5. Florida International University’s “Wall of Wind” Hurricane Simulator

This massive, $8 million machine consists of 12 fans, each 6 feet in diameter and 700hp, that can generate winds up to 157 mph—the kinds of winds you’d see in a Category 5 hurricane. At peak flow, the system pumps as much air as 7650 leaf blowers. In one demonstration, the FIU team built two structures: One built to code before 1992's Hurricane Andrew, and one built with codes created after. According to the Miami Herald,

The first things to go were roof shingles but pre-Andrew designs, rated for just 60 mph, held up nearly as well as heavier products rated for 130 mph. Half of the supposedly stronger shingles began peeling away as the digital wind gauge hit 109 mph, just Cat 2 strength. But as the wind increased, there was no comparison between old and new. At Cat 3, the older design lost half the tar paper intended to keep out rain. At Cat 4, a whole section of thinner plywood sheathing began buckling furiously, then flew off in a flash.

nextArticle.image_alt|e
The North Face
arrow
Design
The North Face's New Geodesic Dome Tent Will Protect You in 60 mph Wind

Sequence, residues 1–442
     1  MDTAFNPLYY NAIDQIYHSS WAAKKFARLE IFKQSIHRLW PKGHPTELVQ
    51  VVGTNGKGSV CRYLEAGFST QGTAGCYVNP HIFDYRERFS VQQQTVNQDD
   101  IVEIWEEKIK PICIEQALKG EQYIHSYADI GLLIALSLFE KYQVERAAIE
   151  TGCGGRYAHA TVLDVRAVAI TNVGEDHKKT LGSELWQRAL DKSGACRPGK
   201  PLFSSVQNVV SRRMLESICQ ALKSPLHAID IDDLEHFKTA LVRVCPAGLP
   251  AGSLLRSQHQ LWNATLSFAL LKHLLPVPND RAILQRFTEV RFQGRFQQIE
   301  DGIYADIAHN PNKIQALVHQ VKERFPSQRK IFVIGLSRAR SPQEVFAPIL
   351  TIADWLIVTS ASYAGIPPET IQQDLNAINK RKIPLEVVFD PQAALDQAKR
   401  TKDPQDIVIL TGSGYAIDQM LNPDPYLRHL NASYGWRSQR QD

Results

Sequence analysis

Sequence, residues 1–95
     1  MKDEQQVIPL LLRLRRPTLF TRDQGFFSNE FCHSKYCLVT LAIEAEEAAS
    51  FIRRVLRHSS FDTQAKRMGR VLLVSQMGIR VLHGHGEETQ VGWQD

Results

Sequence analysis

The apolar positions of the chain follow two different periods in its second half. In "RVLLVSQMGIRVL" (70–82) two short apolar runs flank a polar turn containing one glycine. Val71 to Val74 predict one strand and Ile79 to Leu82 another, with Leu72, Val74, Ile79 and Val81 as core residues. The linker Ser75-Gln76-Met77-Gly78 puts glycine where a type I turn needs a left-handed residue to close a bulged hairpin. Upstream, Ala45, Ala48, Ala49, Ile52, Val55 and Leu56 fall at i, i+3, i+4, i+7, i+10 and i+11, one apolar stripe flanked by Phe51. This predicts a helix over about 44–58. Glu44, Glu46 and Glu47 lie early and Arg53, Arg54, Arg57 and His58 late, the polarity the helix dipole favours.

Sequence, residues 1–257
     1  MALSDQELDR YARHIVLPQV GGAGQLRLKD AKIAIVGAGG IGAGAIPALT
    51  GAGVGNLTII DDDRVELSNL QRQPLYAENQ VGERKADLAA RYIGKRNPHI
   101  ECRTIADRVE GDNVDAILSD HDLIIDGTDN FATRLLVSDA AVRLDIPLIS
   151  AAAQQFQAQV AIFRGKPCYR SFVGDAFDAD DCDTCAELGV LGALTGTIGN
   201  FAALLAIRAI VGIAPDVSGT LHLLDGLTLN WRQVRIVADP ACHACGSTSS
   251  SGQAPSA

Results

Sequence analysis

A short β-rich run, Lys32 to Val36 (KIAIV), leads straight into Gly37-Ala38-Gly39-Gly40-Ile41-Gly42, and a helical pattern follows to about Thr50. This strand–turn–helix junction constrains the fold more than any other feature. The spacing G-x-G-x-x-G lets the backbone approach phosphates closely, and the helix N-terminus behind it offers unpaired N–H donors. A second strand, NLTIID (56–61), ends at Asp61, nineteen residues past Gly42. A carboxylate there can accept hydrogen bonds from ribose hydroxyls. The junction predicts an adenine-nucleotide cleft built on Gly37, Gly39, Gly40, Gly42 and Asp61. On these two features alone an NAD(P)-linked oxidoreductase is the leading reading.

The North Face
The North Face

You can find camping tents designed for easy set-up, large crowds, and sustainability, but when it comes to strength, there’s only so much abuse a foldable structure can take. Now, The North Face is pushing the limits of tent durability with a reimagined design. According to inhabitat, the Geodome 4 relies on its distinctive geodesic shape to survive wind gusts approaching hurricane strength.

Instead of the classic arching tent structure, the Geodome balloons outward like a globe. It owes its unique design to the five main poles and one equator pole that hold it in place. Packed up, the gear weighs just over 24 pounds, making it a practical option for car campers and four-season adventurers. When it’s erected, campers have floor space measuring roughly 7 feet by 7.5 feet, enough to sleep four people, and 6 feet and 9 inches of space from ground to ceiling if they want to stand. Hooks attached to the top create a system for gear storage.

While it works in mild conditions, the tent should really appeal to campers who like to trek through harsher weather. Geodesic domes are formed from interlocking triangles. A triangle’s fixed angles make it one of the strongest shapes in engineering, and when used in domes, triangles lend this strength to the overall structure. In the case of the tent, this means that the dome will maintain its form in winds reaching speeds of 60 mph. Meanwhile, the double-layered, water-resistant exterior keeps campers dry as they wait out the storm.